Monday, October 19, 2009

What is Social Media Marketing?

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Social media marketing (SMM) uses social media platforms to positively influence consumers toward a company’s brands, products or services. In other words, the goal of social media marketing is to create a “buzz” online, so that complementary content about a brand, product or service goes “viral,” with consumer-generated media endorsements spreading like wildfire across the Internet (--think of a highly watched YouTube video extolling the virtues of a product or service).

It is not hyperbole to say that social media marketing is fundamentally changing the way businesses communicate with consumers. In fact, social media marketing has become so powerful it is now driving search engine results. Today, people are using highly accessible social media tools to find, create, and share content online. Social media enables people to collaborate and form consensus opinions, connecting and forming relationships in ways never before possible. This presents a new challenge and opportunity for business—to positively influence this ongoing conversation about the company’s offerings.

Think of it this way, social media marketing is the 21st Century digital “word-of-mouth” advertising. However, instead of discussing a company’s offering in person or over the phone, Internet users have turned to social media platforms to express their opinions. Popular social media platforms include blogs, (which can be found using blog search engines such as Technorati and BlogPulse), micro-blogs (e.g., Twitter and Jaiku), social networking sites (e.g., Facebook and LinkedIn), video and image sharing sites (e.g., YouTube and Flickr), podcasts, bookmarking (e.g., and StumbleUpon), wikis (e.g., Wikipedia), and social network aggregators (e.g., Mybloglog and Plaxo).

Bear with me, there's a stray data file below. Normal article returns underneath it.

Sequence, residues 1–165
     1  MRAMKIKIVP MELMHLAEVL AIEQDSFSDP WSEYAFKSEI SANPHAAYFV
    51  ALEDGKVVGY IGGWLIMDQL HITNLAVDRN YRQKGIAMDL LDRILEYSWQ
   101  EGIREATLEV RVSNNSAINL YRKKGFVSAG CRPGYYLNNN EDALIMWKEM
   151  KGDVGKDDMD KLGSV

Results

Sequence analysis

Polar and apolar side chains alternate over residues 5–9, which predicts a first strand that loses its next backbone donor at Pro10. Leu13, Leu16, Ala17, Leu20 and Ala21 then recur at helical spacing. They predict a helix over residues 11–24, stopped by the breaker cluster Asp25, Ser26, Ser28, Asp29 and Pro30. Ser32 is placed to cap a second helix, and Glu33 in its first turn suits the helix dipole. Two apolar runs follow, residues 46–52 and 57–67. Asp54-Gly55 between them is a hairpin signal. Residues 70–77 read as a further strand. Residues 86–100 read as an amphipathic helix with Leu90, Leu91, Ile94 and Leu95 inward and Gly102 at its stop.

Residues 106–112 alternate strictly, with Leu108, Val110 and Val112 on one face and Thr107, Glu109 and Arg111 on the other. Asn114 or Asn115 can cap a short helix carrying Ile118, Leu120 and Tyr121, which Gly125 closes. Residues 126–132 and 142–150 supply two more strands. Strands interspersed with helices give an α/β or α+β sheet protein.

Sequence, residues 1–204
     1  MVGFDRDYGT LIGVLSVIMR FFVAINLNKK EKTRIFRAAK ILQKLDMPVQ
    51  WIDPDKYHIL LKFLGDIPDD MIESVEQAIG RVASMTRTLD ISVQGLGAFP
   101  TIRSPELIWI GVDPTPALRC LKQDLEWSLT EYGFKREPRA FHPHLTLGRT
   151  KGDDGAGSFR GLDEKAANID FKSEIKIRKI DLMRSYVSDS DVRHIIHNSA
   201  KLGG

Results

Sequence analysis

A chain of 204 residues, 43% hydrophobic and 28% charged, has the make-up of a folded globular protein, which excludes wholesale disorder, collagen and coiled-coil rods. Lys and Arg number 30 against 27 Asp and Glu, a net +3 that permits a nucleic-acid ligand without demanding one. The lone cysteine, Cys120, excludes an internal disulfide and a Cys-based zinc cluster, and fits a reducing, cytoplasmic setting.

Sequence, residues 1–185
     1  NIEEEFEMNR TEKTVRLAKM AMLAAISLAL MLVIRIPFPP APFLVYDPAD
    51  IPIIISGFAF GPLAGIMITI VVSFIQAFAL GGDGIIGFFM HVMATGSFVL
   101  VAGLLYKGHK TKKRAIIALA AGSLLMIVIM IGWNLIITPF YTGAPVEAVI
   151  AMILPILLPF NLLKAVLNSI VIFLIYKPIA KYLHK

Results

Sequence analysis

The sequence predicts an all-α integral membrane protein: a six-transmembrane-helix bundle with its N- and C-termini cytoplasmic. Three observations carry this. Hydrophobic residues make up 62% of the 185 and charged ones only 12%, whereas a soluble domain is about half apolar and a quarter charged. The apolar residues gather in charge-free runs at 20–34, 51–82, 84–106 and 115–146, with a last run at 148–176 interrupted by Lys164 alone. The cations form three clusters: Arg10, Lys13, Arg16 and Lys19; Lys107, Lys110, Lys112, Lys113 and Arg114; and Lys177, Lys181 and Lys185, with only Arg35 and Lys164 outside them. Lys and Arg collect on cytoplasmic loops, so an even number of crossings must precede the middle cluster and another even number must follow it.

Some useful resources for defining and better understanding social media

Tuesday, October 13, 2009

Measuring Social Media Marketing Success!

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At some point, the decision to use social media marketing or convincing someone else to do so eventually comes down to justifying the expenditure of resources and time. This typically involves measuring the success of the effort. Measuring the effectiveness of using social media to promote a business can be done both qualitatively and quantitatively. Most people feel more confident and comfortable with numbers, so social media metrics dominate, such as Return on Investment (ROI), Web analytics, and other similar quantitative assessments.

The following resources provide a variety of useful methods and tools for measuring the success of social media marketing campaigns:

Saturday, October 3, 2009

Social Media Marketing Training Needed Now!

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As the global recession wears on—cash-strapped companies continue to slash marketing, advertising, and public relations budgets and positions—with one highly notable exception—businesses spending on social media marketing has skyrocketed and continues to escalate at an unprecedented rate. The movement to social media has quite simply become a stampede, with social networks such as Facebook recently topping 300 million users, LinkedIn surpassing 40 million users, and Twitter, with 23.6 million users, grew by 900% over the last year!

According to the 2009 Digital Readiness Report, “…most organizations are considering hiring social media specialists.” However, despite the urgent, massive and growing need by business for social media marketing specialists, the number of people being educated in social media marketing falls far short of demand. Unfortunately, universities and community colleges have been slow to create social media marketing courses to meet this seemingly recession-proof career, leaving a vast educational vacuum and incredible opportunity for a forward thinking institutions to fill this gaping hole.